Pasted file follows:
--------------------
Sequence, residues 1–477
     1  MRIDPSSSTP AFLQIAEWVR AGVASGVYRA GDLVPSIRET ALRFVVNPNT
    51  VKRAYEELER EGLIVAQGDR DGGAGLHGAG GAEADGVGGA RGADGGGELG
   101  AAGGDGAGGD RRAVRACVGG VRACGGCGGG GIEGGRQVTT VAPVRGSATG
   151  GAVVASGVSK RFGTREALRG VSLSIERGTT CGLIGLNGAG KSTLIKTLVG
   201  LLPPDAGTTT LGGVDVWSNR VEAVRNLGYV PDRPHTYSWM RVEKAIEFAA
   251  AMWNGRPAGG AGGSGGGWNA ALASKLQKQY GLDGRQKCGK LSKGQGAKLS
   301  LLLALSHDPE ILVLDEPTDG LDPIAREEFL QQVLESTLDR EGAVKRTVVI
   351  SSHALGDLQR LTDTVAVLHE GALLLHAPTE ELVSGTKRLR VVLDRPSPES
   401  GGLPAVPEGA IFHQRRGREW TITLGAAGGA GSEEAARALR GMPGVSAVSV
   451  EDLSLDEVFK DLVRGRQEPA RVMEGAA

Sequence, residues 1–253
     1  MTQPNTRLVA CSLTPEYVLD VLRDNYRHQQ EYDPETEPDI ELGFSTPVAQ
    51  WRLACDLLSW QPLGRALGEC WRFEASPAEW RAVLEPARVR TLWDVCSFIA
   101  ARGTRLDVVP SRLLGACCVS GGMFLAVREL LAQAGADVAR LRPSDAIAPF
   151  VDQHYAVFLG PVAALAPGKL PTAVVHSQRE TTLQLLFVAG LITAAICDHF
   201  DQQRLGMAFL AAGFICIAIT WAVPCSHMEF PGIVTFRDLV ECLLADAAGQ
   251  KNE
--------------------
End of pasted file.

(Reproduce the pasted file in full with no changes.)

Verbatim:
Sequence, residues 1–477
     1  MRIDPSSSTP AFLQIAEWVR AGVASGVYRA GDLVPSIRET ALRFVVNPNT
    51  VKRAYEELER EGLIVAQGDR DGGAGLHGAG GAEADGVGGA RGADGGGELG
   101  AAGGDGAGGD RRAVRACVGG VRACGGCGGG GIEGGRQVTT VAPVRGSATG
   151  GAVVASGVSK RFGTREALRG VSLSIERGTT CGLIGLNGAG KSTLIKTLVG
   201  LLPPDAGTTT LGGVDVWSNR VEAVRNLGYV PDRPHTYSWM RVEKAIEFAA
   251  AMWNGRPAGG AGGSGGGWNA ALASKLQKQY GLDGRQKCGK LSKGQGAKLS
   301  LLLALSHDPE ILVLDEPTDG LDPIAREEFL QQVLESTLDR EGAVKRTVVI
   351  SSHALGDLQR LTDTVAVLHE GALLLHAPTE ELVSGTKRLR VVLDRPSPES
   401  GGLPAVPEGA IFHQRRGREW TITLGAAGGA GSEEAARALR GMPGVSAVSV
   451  EDLSLDEVFK DLVRGRQEPA RVMEGAA

Sequence, residues 1–253
     1  MTQPNTRLVA CSLTPEYVLD VLRDNYRHQQ EYDPETEPDI ELGFSTPVAQ
    51  WRLACDLLSW QPLGRALGEC WRFEASPAEW RAVLEPARVR TLWDVCSFIA
   101  ARGTRLDVVP SRLLGACCVS GGMFLAVREL LAQAGADVAR LRPSDAIAPF
   151  VDQHYAVFLG PVAALAPGKL PTAVVHSQRE TTLQLLFVAG LITAAICDHF
   201  DQQRLGMAFL AAGFICIAIT WAVPCSHMEF PGIVTFRDLV ECLLADAAGQ
   251  KNE